SELECT CASE was added in Fortran 90.

lEdge
New Contributor I
471 Views

Ha. To be honest I had a dream again. And I was hoping somebody was going to ask this question. A lot of programs lost that model. I would honestly suggest more break lines than you have. Because you need some pauses between precision processes. I know intel has this 'ready' technology to take care of 100% stability. But, I would suggest it anyway. There are a lot of problems with operating systems now days.

A perfect example I finally discovered in Intel NUC6I7KYK. It doesn't like to wake up after software sleep button for Windows 8.1 Embedded Pro. It likes that sleep function from USB keyboard button. It would hang up the USB in between S3 states.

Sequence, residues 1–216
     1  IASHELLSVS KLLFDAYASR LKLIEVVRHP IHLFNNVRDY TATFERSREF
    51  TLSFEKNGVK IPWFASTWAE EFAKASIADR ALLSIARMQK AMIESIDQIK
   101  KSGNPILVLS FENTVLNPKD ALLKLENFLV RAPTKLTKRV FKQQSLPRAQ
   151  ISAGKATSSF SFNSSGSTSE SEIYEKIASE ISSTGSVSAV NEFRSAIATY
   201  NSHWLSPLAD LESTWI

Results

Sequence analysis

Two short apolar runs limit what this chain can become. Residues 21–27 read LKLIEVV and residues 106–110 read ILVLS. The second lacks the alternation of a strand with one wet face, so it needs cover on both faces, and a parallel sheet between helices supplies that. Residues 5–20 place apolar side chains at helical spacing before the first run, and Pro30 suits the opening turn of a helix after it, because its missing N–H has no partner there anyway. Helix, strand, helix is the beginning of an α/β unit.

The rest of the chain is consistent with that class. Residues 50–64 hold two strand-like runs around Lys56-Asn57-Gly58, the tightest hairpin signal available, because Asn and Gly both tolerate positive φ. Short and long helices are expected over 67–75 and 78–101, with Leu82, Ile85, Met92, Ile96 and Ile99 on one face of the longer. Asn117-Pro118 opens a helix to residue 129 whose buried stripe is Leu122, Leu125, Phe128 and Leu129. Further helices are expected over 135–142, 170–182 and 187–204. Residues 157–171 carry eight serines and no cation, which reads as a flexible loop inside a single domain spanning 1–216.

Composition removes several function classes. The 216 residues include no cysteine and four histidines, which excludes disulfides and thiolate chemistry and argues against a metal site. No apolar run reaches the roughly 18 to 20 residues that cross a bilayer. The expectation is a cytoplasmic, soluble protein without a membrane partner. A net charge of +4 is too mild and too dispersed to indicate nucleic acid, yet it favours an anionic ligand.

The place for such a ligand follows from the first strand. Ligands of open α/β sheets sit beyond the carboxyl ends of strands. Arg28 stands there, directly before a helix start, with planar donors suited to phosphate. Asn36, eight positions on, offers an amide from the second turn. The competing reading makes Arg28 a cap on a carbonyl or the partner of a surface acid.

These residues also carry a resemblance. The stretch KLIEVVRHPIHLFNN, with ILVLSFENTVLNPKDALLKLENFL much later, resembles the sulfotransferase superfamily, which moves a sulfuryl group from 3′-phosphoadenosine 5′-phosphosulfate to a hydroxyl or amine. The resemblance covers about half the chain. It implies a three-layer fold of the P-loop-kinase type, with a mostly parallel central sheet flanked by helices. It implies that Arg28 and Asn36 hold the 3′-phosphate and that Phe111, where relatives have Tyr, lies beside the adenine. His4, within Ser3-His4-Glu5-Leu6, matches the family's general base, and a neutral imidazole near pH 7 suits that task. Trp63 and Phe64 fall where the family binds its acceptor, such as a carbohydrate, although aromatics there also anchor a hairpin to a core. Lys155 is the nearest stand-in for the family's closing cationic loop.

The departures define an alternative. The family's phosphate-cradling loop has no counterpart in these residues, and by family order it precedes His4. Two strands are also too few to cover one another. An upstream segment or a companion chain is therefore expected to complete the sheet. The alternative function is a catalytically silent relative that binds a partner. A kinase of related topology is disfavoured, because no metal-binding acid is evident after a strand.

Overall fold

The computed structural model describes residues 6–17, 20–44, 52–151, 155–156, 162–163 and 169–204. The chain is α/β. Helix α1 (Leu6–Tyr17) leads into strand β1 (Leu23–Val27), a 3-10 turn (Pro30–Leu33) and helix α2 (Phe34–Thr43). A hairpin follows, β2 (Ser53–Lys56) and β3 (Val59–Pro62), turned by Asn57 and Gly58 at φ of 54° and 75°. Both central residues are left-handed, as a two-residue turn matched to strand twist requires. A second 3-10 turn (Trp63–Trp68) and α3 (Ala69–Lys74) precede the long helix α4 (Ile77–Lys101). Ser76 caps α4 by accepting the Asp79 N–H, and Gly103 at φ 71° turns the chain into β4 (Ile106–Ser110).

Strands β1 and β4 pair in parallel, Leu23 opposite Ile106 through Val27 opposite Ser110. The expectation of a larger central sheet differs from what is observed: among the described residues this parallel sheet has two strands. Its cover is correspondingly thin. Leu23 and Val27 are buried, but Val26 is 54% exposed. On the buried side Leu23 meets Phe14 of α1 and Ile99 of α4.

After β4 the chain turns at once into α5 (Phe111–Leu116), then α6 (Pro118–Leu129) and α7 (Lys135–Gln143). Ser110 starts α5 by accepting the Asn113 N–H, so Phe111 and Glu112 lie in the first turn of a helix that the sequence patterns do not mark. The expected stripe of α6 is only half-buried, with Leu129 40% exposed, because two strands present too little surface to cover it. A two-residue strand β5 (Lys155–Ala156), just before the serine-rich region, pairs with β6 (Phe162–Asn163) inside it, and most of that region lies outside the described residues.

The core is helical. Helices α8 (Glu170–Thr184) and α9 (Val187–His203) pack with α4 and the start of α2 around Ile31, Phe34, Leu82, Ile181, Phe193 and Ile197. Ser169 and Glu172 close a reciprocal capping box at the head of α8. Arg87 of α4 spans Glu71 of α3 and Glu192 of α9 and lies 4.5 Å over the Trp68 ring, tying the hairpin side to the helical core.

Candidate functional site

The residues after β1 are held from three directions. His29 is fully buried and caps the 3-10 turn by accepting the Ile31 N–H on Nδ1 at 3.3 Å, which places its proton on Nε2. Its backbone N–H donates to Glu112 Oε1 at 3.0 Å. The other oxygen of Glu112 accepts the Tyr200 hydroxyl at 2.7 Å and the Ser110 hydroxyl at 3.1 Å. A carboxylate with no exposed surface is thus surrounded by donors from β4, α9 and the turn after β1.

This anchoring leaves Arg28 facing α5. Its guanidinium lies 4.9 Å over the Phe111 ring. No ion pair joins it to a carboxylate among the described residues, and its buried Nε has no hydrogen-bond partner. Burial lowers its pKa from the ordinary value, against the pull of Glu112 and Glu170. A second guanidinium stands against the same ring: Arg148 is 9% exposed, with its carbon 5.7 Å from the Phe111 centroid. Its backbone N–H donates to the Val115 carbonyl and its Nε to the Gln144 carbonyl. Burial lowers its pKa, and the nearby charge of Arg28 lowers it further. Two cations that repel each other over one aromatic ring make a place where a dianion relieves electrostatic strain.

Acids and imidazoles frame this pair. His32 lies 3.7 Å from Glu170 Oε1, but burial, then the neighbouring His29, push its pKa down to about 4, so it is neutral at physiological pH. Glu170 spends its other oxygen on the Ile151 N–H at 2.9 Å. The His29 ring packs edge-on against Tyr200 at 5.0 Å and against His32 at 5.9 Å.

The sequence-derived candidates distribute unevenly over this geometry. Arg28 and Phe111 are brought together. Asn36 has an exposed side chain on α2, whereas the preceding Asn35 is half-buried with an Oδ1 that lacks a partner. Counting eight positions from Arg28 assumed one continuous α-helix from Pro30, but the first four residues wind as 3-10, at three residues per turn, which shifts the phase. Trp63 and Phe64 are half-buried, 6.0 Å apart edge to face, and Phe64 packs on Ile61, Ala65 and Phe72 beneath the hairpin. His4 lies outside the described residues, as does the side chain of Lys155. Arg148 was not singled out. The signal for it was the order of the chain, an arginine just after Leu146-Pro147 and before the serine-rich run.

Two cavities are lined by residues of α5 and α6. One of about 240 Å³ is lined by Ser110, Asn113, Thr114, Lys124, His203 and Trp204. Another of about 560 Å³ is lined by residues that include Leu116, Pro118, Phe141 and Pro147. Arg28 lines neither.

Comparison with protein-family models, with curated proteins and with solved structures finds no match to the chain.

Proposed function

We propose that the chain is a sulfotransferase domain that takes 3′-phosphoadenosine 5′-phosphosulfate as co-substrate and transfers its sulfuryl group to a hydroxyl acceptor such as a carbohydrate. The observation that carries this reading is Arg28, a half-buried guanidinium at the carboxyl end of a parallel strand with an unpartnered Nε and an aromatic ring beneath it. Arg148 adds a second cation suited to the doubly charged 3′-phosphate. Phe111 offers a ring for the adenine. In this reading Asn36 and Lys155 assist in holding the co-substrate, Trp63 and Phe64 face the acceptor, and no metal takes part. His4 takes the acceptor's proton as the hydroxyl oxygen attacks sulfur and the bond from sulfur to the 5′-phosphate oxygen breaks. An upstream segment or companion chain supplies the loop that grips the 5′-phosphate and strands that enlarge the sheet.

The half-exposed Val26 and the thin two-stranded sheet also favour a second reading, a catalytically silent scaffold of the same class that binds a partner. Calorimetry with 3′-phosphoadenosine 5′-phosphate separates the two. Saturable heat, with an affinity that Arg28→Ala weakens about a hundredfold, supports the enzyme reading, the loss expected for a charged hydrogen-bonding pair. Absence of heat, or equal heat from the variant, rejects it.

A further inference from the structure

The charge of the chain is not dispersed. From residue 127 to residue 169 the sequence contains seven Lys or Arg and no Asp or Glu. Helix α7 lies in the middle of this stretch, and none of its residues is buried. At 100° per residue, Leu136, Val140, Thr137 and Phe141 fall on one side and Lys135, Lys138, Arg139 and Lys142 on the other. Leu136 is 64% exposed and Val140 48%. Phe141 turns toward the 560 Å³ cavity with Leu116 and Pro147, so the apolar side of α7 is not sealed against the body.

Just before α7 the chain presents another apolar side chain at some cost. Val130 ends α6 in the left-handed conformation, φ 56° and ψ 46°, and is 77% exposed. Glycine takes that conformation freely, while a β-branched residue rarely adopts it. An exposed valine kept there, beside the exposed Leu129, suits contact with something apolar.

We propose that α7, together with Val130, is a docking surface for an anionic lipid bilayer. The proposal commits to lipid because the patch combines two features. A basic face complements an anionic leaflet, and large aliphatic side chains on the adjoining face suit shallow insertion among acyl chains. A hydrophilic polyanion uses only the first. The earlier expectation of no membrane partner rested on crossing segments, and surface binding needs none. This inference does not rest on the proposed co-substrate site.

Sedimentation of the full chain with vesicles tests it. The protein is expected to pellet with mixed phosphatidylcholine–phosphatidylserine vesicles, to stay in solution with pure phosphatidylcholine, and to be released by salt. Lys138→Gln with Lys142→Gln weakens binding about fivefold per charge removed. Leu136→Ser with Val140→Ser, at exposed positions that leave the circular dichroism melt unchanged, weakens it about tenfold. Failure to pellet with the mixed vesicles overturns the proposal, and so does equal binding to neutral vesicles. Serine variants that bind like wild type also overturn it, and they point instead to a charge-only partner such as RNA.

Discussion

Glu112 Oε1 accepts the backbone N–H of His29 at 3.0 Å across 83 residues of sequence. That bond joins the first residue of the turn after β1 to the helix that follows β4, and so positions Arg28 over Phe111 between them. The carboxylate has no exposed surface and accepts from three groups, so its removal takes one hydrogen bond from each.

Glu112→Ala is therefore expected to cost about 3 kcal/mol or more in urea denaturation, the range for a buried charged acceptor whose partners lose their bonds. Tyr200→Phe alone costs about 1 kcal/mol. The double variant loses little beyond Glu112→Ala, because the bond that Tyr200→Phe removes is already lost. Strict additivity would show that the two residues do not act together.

JNichols
New Contributor I
462 Views

I am just checking, but are you suggesting more exit statements? 

I have NUCS all over the world, some at remote locations.  The hardest thing to do is keep the operating system operating 24/7/365.  Sooner or later something interferes and they die.  If they are behind a wifi you cannot send a wake on lan, because the wifi does not support it because the people who wrote the standard did not think it was necessary.  How times have changed. 

I have two hung in Iowa at the moment. 

 

lEdge
New Contributor I
444 Views

Okay. I see what you mean. In your case it would seem better like return. And if I recall correctly wait may have a length of time. That's what I mean.

I'm not entirely sure about this c for excel, but it may also work in time off 1,000,000 to 2,000,000. No pressure how you do it.